After enlightenment, the laundry. ~Zen saying
In our previous life, J. and I did laundry twice a week for a total of 4-5 loads. One day (usually Tuesday) we did the household laundry (sheets and towels), on the other day (usually Friday) we washed our clothes (darks, lights, and delicates). Once a month we washed dog bedding. A few times a year we washed the various throws and blankets.
We now do laundry almost daily.
Even though we have no pets, fewer clothing changes (not working reduces the need for different outfits daily), and haven’t been here long enough to need to wash bedding, we do a lot of laundry. We don’t even have “whites” so our loads don’t need to be segregated. And we wash everything on “delicate”!
We’re not alone, many of the immigrants we talk to report being surprised at how much attention laundry requires. In part this is because the washing machines are smaller so we need to do more loads. Another piece of the puzzle is that most of us dry our laundry on racks or lines rather than in a dryer. There’s only so much you can fit at a time. During the winter, we had to place the rack over a heater if we wanted the clothes to dry that day. (We took our towels and sheets to the lavandaria after washing them at home. It took too long otherwise.)
Doing this much laundry was not something I thought would be a part of my new life, but I must say I don’t mind. I look around at our neighbors and see that its a regular part of their life too. In a way it makes me more like a local, like I truly belong here. Watching them, I learned that you can old your sheets a couple of times before laying them on the rack and they will still dry over the course of the day. That all the small stuff (like socks) are safest if clothespins anchor them to the rack, otherwise a sudden gust of wind can send them over the edge into a neighbors balcony (or the street . . . Not that I know this from personal experience).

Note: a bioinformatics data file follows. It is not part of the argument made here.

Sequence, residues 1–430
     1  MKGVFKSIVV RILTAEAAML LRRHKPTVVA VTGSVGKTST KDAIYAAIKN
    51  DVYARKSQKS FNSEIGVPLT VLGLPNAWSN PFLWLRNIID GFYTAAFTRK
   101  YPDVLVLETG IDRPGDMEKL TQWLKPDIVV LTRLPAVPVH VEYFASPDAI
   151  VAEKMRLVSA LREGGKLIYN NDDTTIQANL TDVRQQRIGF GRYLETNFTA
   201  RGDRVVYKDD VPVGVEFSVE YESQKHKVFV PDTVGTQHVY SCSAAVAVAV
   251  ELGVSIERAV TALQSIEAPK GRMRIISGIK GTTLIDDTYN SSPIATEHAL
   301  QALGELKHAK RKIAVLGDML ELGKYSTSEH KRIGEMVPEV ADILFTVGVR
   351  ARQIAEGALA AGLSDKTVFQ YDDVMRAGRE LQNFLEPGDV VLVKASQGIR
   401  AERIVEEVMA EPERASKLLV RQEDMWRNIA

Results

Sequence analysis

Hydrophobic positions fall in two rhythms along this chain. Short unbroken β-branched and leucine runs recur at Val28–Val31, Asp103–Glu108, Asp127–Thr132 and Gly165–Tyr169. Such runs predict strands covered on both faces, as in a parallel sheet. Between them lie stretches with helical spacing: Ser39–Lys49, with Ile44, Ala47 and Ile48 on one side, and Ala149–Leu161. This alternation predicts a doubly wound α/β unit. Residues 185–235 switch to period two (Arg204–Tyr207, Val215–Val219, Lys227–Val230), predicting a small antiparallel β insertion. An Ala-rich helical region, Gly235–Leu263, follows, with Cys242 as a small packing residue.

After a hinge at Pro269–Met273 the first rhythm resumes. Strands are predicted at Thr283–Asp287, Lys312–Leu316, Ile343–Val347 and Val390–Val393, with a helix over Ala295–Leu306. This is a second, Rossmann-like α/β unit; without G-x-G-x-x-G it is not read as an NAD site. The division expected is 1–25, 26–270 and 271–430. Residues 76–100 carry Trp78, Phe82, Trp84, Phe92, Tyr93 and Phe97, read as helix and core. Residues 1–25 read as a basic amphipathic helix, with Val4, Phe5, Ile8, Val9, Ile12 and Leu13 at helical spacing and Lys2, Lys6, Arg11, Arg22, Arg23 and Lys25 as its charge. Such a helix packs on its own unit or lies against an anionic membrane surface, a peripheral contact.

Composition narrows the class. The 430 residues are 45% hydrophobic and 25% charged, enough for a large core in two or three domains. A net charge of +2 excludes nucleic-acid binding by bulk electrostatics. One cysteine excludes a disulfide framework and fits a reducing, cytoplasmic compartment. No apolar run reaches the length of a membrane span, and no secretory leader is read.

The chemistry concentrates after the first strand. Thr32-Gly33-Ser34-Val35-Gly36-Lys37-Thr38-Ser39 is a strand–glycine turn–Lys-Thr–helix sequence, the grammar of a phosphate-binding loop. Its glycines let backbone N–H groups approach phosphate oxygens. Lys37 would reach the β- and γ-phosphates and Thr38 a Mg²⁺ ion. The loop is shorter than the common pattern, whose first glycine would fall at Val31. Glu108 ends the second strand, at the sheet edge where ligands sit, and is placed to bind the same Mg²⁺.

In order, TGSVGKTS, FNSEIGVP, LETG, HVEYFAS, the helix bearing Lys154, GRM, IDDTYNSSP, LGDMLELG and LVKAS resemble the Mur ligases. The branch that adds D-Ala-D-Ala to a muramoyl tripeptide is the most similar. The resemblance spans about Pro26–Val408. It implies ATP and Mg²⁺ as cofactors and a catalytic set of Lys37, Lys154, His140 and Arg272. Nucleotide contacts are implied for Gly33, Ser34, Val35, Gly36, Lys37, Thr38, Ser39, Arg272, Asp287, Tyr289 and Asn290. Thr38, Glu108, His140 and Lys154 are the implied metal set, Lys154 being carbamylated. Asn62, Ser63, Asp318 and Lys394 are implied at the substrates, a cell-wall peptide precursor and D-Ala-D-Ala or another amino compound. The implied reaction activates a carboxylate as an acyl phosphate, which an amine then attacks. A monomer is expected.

We’ve been using Tru Earth laundry strips instead of liquid or powder detergent and we highly recommend them! Our clothes are clean and we have nearly no waste. As a precaution we keep them safe from moisture in a ziploc bag, but that’s the only potential downside. Half of a strip (they come two to a sheet, so a quarter of a full sheet) works for a regular load, and we’d use a full strip if the items were particularly dirty. As a bonus, using less detergent has meant that our clothes don’t dry stiff.
Just sunshine and fresh air. When the summer comes we’ll make sure to dry our dark clothes inside out, or in the shade — the sunshine will bleach everything in short order. (I remember this from my childhood of drying everything on a line.)